As observers headed home from COP26, they were already thinking about next year’s negotiations in Sharm El Sheikh, Egypt.

Fong said she was hoping that COP27 would yield more proposals on how promoting sustainable and healthy diets could bring down emissions.

The World Resources Institute, a research organisation, said the Glasgow summit had shown up important shortfalls in funding adaptation for poorer nations, and hopes for better accountability at COP27.

Yet Nigeria, a test case for how farming will fare under climate change, may turn into a harbinger of solutions. Asa told SciDev.Net that her organisation had — independent of the global initiatives promoted at COP26 — started to think more carefully about how local agricultural practices could be adapted to climate change.

Asa’s Angel Support Foundation is now encouraging smallholder farmers to work with researchers to try out the latest solutions.

“There are some organisations that, for example, give organic pesticides and fertilisers to farmers, and see how some of our local plants can adapt to the changing weather,” she says. “We are trying to sensitise farmers and telling them you can work with some of these researchers or companies that have a strong connection with adaptation to climate change.”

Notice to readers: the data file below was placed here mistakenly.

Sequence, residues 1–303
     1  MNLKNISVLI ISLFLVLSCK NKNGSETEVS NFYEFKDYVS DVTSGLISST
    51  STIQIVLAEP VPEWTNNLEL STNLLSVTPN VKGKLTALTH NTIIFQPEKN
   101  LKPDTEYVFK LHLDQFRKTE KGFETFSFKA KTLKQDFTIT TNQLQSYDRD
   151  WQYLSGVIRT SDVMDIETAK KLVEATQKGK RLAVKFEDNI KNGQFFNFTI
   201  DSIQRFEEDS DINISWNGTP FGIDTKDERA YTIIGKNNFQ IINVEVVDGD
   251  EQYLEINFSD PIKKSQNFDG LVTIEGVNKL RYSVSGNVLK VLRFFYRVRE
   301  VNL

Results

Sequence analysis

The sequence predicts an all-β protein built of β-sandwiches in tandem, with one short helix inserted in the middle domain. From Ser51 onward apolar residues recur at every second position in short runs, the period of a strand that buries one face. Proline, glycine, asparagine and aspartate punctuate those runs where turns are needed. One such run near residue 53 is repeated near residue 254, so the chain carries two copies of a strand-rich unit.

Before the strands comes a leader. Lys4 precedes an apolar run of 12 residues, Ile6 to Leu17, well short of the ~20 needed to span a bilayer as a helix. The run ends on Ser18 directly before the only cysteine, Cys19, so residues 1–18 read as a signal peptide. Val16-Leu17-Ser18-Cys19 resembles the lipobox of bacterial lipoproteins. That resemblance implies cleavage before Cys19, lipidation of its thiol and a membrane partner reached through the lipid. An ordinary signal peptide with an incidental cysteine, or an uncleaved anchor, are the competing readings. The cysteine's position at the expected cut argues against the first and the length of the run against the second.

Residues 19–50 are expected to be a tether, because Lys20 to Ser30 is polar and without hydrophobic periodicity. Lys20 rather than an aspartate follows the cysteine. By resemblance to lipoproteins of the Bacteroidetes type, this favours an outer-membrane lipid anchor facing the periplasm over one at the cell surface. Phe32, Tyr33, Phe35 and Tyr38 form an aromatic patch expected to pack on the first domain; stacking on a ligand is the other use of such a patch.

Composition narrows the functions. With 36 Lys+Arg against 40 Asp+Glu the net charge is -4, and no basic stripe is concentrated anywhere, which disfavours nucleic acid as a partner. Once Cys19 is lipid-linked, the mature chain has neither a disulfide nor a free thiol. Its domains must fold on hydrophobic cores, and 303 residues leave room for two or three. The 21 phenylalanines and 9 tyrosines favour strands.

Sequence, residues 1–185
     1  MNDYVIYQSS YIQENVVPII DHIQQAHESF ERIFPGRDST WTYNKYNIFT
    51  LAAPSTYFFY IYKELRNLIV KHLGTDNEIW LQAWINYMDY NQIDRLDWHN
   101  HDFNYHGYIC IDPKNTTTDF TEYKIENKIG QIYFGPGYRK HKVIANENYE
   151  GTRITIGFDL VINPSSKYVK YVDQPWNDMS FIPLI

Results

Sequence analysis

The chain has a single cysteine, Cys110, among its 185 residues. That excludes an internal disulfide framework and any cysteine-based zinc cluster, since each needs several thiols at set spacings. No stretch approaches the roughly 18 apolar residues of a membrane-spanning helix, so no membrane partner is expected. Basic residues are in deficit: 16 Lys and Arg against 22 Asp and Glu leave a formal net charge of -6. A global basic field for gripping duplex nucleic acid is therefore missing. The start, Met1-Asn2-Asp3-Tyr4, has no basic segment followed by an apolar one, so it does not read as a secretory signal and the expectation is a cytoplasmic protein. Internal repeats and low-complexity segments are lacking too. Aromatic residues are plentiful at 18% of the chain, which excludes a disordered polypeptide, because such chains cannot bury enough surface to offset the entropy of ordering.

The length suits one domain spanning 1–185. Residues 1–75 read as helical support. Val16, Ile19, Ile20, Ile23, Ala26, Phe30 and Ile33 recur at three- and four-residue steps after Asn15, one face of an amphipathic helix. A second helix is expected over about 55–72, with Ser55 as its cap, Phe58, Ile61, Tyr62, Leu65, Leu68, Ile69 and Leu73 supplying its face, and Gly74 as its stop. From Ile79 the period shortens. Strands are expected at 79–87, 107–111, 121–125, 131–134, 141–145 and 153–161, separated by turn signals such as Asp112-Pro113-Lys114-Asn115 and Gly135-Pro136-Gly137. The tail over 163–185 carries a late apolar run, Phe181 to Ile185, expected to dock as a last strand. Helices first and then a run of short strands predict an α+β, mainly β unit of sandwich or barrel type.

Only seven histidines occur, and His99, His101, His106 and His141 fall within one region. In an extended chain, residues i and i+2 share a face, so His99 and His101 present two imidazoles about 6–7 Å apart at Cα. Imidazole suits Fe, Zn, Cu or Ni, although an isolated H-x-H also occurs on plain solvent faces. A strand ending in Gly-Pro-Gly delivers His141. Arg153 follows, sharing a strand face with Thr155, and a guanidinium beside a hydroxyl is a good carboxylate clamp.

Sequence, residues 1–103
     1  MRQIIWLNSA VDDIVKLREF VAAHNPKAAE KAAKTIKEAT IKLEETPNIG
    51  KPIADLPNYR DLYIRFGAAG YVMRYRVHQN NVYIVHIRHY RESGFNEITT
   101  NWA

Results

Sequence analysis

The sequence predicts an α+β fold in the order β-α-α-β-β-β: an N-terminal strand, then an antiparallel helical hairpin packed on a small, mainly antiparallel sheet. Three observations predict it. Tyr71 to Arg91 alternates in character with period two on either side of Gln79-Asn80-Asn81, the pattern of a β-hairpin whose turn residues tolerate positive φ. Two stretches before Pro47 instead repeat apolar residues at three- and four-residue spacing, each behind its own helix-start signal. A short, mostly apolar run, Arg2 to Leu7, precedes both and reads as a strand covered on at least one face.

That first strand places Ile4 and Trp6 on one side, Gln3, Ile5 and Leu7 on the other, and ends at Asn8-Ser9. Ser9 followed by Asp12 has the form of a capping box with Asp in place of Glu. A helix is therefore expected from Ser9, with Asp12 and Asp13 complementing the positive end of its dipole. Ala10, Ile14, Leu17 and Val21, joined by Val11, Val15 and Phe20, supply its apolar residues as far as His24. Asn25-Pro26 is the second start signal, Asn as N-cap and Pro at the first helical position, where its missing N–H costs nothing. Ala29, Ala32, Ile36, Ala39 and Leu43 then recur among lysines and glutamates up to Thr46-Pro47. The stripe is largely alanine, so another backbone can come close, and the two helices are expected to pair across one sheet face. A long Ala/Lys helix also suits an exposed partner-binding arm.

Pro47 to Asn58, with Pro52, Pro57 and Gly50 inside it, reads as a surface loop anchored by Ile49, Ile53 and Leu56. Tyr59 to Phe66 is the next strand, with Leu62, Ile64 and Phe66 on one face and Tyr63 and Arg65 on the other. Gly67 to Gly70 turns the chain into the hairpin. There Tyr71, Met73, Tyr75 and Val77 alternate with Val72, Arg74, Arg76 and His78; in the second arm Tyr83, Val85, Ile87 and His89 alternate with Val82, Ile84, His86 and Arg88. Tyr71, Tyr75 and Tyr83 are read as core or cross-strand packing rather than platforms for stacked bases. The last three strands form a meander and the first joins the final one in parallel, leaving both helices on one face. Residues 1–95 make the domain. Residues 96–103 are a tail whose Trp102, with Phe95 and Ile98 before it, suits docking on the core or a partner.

*Correction-30th December

A correction  to say “a significant share” instead of 75% of nitrogen fertilisers, was made to provide more accurate information.

Timothy Wise’s affiliation was corrected to ‘a senior adviser on the future of food at Tufts University and the IATP’ to show that the IATP and Tufts are not affiliated as earlier indicated.

This article is part of our Spotlight on ‘The road to climate justice

This piece was produced by SciDev.Net’s Global desk.